Digital Humanities Workbench

Home page > Data analysis > Text analysis > Basic text analysis

Basic text analysis

Tekstanalyse In this workbench, we use the term basic text analysis for the analysis of the occurrence and usage of certain words in a text or a collection of texts. One might also call this lexical analysis; essentially it ficuses on the vocabulary of texts. This can involve the frequency of words in a text (e.g. in contrastive analysis), but it usually comes down to searching for certain words or phrases, word patterns and annotations in a text. Other word-related aspects, such as measuring the distribution of certain words in a text and establishing a text-specific vocabulary, are also part of this method of analysis.
As early as the 1960s and 1970s researchers investigated how computers can be used to support this type of analysis. There are various examples to be found in the scientific literature of the fields of thematic, stylistic and structural analysis, intertextuality and prosodic analysis (rhyme and metre). A comprehensive overview can be found in Chapter 5 ( "Literary Analysis") of Electronic Texts in the Humanities, by Susan Hockey (Oxford: OUP, 2000).


Software for lexical text analysis offers the possibility to quickly and efficiently examine how certain words are used in a text or a collection texts, answering questions such as the following: how often do they occur?, in which context do they occur?, with which other words are they combined?, and in which part of the text do they occur? A detailed overview of the various functions these programs have can be found here. Accordingly, software allows researchers to approach texts in a different way than with just (linear) reading, as well as providing many more specific ways to analyse texts than programs such as Word. Online texts are often only partially searchable: you can only search those elements the creator of the website has allowed you to (or you can search the web page on which the texts are displayed by using the default browser search function - Ctrl+ F). More detailed analyses are not usually possible.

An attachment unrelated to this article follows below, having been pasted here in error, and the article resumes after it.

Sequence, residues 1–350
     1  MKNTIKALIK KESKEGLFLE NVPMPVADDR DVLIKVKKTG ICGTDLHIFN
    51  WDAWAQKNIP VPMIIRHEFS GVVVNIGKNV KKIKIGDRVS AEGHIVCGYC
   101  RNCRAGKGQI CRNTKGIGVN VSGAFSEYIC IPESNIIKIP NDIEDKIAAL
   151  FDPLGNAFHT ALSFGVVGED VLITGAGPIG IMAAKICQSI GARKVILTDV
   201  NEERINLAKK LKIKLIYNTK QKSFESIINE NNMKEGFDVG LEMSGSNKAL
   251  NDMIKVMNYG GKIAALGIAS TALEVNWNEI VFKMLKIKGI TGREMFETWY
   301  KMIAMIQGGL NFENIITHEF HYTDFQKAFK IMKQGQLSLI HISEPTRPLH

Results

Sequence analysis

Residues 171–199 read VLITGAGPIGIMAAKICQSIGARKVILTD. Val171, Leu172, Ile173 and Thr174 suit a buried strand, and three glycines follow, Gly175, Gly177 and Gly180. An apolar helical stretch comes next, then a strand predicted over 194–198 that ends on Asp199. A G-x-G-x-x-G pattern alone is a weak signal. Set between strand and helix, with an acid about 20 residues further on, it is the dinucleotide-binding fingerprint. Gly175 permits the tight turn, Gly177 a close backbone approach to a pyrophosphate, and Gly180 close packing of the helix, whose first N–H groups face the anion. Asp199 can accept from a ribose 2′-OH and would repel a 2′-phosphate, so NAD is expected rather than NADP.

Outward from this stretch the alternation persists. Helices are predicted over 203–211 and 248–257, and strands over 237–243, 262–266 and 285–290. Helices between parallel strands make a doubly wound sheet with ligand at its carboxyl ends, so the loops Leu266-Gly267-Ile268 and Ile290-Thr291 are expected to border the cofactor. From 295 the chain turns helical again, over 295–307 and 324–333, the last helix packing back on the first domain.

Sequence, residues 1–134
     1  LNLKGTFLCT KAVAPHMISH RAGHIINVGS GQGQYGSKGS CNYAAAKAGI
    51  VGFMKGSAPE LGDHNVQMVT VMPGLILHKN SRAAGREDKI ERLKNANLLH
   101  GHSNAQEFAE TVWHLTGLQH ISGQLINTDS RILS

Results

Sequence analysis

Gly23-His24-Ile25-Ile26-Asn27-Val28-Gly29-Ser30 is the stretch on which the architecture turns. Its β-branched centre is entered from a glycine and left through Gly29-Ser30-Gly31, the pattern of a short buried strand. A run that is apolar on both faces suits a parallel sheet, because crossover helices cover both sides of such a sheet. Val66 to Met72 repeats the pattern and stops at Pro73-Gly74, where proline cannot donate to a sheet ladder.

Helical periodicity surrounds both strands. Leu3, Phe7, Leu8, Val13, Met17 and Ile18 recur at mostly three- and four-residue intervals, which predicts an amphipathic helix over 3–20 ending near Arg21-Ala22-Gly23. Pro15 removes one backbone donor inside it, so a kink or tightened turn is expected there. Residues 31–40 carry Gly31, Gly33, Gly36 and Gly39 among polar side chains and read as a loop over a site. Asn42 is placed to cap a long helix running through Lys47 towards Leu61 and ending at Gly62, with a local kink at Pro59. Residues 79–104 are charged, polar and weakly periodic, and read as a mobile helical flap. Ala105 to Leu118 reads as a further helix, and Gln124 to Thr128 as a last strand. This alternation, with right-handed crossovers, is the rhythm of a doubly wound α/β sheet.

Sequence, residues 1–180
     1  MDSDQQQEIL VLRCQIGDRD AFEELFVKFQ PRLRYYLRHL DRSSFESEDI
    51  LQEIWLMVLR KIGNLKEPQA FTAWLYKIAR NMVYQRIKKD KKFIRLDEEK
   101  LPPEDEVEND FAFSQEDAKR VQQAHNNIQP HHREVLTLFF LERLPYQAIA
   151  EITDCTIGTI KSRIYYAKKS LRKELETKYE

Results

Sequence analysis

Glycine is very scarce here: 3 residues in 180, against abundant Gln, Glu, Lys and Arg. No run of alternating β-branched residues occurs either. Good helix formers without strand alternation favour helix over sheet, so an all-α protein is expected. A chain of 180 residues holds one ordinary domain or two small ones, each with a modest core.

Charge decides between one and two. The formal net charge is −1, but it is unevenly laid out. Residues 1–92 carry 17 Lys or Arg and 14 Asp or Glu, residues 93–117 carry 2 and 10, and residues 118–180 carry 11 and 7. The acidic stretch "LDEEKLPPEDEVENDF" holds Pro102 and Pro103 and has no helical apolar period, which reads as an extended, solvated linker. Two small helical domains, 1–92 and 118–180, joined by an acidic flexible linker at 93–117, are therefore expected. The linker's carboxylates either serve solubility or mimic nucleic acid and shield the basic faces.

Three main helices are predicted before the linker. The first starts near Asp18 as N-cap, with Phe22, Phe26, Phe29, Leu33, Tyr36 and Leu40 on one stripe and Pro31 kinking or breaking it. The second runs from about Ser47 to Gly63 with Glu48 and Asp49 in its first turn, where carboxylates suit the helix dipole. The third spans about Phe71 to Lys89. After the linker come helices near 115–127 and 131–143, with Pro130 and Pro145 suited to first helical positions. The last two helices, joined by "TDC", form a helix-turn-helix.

Thematic analysis

In the case of thematic analysis it is usually not clear in advance which exact words are to be searched for. You can approach it in the folllowing ways:
  • Look up potentially relevant in a list and request a concordance for these words (see: functions of text analysis software).
  • Manually tag the relevant words in the text.
  • Work with semantically oriented search software (see: text mining). This technique is currently still in development.

Working from a frequency list is (much) less labour-intensive than annotating a text. In addition, it is a more intuitive and flexible process than annotation (which is usually applied only once, after which it is rarely changed, so that it could end up being a leading part of the analysis). A disadvantage compared to annotation is that words often have homonyms that are not interesting for your research and that you will have to filter out of the concordance. Moreover, not all concepts, thematic aspects and the like can be described with specific words. A particular theme may very well be represented through words that you would not initially associate with it.

Note: in order to use programs like this, it is usually necessary to prepare the the text you want to analyse. This depends partly on the format the file has been stored in (see: preparation and file formats). It may also be useful, or even necessary, to enhance the text with certain structural or analytical information (see: formal annotation).


Some concordance programs that were commonly used in the humanities in the past are Oxford Concordance Program and TACT. Nowadays, WordSmith (for which our faculty has a licence) and Concordance are quite popular.
AntConcis a freeware program that is available on all VU PCs for students and staff members of the Faculty of Humanities. The online program Voyant Tools is currently experiencing a rise in popularity, because of the ways it allows users to visualise word usage in a text, such as word clouds, bubble lines, scatter plots and networks.